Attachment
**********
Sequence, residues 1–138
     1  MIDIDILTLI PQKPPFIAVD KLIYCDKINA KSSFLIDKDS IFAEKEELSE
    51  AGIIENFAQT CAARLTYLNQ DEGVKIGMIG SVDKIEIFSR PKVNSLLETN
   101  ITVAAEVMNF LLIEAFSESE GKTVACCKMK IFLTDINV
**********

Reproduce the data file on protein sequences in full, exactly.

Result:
Sequence, residues 1–138
     1  MIDIDILTLI PQKPPFIAVD KLIYCDKINA KSSFLIDKDS IFAEKEELSE
    51  AGIIENFAQT CAARLTYLNQ DEGVKIGMIG SVDKIEIFSR PKVNSLLETN
   101  ITVAAEVMNF LLIEAFSESE GKTVACCKMK IFLTDINV